Delayed sleep phase syndrome is a circadian rhythm disorder, meaning there is a glitch in the normal regulation of our sleep/wake cycle, which is dependent on daily changes in light, temperature, and time. According to the Cleveland Clinic between seven and 16 percent of adolescents are affected by this syndrome; they have a hard time falling asleep at a normal bedtime and finally doze off two (or more) hours later. As a result, they are likely to sleep later in the morning, making it hard to get up in time to go to school or work. Left to their own devices, individuals with this disorder would get enough sleep daily, but the hours at which they fall asleep and wake would be later than our conventional sleep cycles. Their internal clocks and hormones aren’t in sync with normal external cues for when to go to sleep and when to wake up, mainly the release of the hormone melatonin triggered by darkness and its inhibition by morning light.
No one knows what causes this disturbance. Kids don’t do it deliberately – they really have trouble going to sleep early enough to get a full night’s sleep before they must be up and ready for school. And because teens affected by delayed sleep phase syndrome don’t get a full night’s sleep, they’re often drowsy during the day, may miss some school days or arrive late. As a result, their grades may suffer. Some affected teens may become dependent on caffeine, sedatives or alcohol.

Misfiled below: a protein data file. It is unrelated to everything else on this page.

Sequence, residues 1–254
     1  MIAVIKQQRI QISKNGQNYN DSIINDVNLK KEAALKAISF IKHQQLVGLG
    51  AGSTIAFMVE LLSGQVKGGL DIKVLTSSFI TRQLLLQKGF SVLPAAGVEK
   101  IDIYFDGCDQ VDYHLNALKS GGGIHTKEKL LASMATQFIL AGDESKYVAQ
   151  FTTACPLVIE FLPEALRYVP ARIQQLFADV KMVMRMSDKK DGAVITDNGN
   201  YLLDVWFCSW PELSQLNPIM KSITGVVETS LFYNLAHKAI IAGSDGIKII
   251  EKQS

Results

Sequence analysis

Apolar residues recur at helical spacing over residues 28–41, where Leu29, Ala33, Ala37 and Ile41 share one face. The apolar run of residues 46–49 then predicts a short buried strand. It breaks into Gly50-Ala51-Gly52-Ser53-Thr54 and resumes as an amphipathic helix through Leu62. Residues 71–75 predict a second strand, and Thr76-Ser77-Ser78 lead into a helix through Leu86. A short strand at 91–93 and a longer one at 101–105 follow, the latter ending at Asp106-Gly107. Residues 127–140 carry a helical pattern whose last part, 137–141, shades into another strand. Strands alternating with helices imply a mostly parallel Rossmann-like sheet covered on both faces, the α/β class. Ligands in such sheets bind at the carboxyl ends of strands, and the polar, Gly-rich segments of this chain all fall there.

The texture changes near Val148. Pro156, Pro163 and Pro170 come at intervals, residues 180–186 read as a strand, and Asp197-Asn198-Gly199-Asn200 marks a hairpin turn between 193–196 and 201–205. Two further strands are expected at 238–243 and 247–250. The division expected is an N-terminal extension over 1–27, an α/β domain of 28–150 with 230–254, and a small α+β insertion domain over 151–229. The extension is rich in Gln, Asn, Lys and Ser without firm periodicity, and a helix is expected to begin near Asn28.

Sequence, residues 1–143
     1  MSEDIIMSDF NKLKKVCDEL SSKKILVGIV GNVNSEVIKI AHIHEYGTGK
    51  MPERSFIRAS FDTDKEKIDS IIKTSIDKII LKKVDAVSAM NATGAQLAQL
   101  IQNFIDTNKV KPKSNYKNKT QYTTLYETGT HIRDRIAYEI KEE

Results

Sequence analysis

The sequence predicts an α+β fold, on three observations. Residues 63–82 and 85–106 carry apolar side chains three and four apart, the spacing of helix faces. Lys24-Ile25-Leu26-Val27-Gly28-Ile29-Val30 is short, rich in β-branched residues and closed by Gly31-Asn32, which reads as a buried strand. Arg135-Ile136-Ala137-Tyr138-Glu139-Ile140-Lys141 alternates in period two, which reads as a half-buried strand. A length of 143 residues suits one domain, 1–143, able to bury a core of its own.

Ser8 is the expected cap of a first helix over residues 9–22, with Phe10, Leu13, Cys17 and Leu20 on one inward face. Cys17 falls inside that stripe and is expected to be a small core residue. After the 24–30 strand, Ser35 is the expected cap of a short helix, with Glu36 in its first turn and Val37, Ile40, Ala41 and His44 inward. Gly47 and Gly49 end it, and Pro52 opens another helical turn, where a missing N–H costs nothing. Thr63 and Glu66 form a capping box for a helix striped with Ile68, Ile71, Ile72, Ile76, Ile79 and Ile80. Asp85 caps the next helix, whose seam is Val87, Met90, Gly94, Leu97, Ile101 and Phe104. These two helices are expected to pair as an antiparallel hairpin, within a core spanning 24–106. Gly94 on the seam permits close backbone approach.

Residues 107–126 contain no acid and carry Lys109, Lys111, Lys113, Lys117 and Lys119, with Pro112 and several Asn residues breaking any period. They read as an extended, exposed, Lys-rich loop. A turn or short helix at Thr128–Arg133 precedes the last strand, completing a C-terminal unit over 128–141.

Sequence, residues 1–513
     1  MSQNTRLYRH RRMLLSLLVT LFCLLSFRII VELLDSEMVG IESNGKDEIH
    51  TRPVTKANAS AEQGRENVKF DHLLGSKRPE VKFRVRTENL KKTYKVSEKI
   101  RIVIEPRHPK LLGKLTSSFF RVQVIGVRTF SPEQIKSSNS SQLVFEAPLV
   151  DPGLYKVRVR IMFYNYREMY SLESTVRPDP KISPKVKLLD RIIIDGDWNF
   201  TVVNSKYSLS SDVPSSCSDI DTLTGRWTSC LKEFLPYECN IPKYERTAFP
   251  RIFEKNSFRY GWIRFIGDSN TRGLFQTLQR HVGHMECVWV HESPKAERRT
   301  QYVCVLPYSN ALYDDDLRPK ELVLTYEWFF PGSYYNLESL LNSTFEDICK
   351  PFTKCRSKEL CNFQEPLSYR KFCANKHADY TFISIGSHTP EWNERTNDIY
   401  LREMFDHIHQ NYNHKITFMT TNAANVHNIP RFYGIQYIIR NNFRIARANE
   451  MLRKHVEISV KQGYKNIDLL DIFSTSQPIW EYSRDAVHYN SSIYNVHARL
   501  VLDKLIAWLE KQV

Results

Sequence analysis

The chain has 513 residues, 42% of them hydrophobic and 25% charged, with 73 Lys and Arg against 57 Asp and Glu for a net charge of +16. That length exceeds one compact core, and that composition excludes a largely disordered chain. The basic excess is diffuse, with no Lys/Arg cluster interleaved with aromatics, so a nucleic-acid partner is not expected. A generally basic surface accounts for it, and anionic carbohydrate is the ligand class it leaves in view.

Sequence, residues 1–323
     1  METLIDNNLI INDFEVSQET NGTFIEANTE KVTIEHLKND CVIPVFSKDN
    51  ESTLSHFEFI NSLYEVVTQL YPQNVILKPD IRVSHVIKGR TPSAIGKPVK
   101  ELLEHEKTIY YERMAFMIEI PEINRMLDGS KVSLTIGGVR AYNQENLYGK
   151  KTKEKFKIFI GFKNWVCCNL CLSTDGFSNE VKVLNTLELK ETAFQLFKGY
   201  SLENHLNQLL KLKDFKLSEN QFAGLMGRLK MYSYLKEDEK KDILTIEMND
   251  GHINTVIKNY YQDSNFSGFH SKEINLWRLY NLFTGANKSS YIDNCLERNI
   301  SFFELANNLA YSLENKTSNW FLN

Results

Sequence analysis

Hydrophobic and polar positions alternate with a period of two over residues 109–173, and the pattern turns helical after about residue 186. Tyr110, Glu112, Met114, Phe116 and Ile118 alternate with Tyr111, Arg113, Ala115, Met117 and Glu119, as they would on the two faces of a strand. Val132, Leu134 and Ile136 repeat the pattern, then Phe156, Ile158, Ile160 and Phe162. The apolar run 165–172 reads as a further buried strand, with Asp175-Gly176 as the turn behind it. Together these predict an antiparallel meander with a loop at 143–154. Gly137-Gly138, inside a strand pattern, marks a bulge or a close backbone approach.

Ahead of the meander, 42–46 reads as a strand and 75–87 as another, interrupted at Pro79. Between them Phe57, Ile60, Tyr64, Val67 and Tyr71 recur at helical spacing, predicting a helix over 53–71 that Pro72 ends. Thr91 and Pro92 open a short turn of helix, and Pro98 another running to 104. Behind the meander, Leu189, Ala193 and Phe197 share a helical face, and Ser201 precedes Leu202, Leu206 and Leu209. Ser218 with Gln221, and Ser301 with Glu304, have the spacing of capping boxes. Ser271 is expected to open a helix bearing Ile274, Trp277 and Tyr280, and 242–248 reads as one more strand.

I discussed your question with Rubin Naiman, Ph.D. a sleep specialist at the Arizona Center for Integrative Medicine. He explains that as we get older, it is common for an individual’s sleep phase to advance – that is, we tend to go to bed earlier and wake up earlier than we did when we were younger but still get adequate sleep. In adolescence and young adulthood, the sleep phase is frequently delayed. Dr. Naiman notes that sleep phase is regulated by a number of factors, especially patterns of exposure to light and darkness. He says that minimizing exposure to light in the evening, including light from TV and computer screens, and increasing early morning exposure to bright light can help gradually advance a delayed sleep phase. He recommends working with a behavioral sleep medicine specialist to bring about this change. Other techniques used by these professionals include the use of supplemental melatonin, developing strategies to help you fall asleep faster, and changing bedtimes and waking times over several weeks until you establish a workable sleep/wake cycle. Dr. Naiman suggests locating a behavioral sleep medicine in your area via the website of the Society for Behavioral Sleep Medicine.
Andrew Weil, M.D.